Sunday, November 10, 2013

What Happens When the Lords Don't Need Their Serfs Anymore?

Since the Black Death of the 14th century caused the labor shortage that dealt the death blow to original feudalism, the only thing standing between workers and the parasitic rich who despise us is that the parasitic rich could not survive without workers.

Until now.

America is falling apart — and this nation's super-rich are to blame.

There was once a time in America when the super-rich needed you, and me, and working-class Americans to be successful.

They needed us for their roads, for their businesses, for their communications, for their transportation, as their customers, and for their overall success.

The super-rich rode on the same trains as us, and flew in the same planes as us. They went to our hospitals and learned at our schools.

Their success directly depended on us, and on the well-being of the nation, and they knew it.

But times have changed, and the super-rich of the 21st century no longer think that you and I are needed for their continued success.

And in some ways, they have given up on America, period.
So why haven't we deported them all to Guantanamo, as the existential threat to the nation they so obviously are?

Ramona's Voices:
We're an odd bunch, we Americans.  We've had a hate-hate relationship with the very rich for as long as we've existed as a country, but, damn their black hides, we can't stop taking care of them.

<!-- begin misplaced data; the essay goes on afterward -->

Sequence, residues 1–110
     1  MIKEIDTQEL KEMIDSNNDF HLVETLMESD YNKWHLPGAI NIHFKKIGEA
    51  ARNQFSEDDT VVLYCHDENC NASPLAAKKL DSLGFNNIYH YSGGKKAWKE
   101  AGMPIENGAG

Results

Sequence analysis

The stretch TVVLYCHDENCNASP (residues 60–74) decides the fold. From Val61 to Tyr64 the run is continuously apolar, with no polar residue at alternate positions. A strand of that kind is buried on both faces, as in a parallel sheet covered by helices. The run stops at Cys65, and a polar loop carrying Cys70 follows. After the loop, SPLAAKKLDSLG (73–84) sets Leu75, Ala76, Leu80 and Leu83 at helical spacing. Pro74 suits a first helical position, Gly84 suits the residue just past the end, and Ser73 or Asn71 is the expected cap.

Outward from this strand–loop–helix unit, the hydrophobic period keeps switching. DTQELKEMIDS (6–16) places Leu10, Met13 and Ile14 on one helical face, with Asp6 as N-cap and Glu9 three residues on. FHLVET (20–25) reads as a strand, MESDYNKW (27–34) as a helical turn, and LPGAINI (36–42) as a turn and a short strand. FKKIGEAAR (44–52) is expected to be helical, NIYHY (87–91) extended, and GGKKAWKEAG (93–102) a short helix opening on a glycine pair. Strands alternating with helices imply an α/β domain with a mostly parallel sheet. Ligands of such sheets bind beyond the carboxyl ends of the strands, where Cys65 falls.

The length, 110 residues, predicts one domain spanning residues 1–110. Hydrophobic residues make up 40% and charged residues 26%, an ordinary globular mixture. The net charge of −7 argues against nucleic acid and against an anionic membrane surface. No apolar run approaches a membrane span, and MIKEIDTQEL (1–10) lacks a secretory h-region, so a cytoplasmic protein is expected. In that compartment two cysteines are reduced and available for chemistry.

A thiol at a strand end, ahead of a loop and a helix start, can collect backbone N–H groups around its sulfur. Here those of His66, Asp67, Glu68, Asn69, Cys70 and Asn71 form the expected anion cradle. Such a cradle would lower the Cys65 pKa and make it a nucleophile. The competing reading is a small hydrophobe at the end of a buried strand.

After all these years we've become used to sparring with the super-rich over how much they get to keep and how much they should share.  They want to keep it all, and we know that.  We want them to behave like responsible citizens, and they don't think they should have to.

It's a long-standing battle, but it was infinitely fairer when they needed us as much as we needed them.  Most of them built their fortunes while still being Americans in America, by being major forces in the building of the strongest, richest country in the world. Now there is almost nothing American about the major corporatists, but we still insist on treating them as if they were a part of us.  We can't help ourselves.  We cling to our nationalism, to our sense of superiority, and even after decades of sliding downhill, of watching our resources leave our shores for parts unknown, we can't believe our industry, our infrastructure, our wealth, is gone.  We refuse, in fact, to believe it, even though our roads, our bridges, our buildings, our very way of life, is crumbling around us. 
They don't need us.  They don't want us.  And as long as we keep insisting that everything's gonna be all right, the super-rich will be alive and doing exceedingly well in America.

As for the rest of us--we'll be exactly where they want us.
 If not Guantanamo, then 99 percent confiscatory taxes on their traitorous asses ought to set things right.

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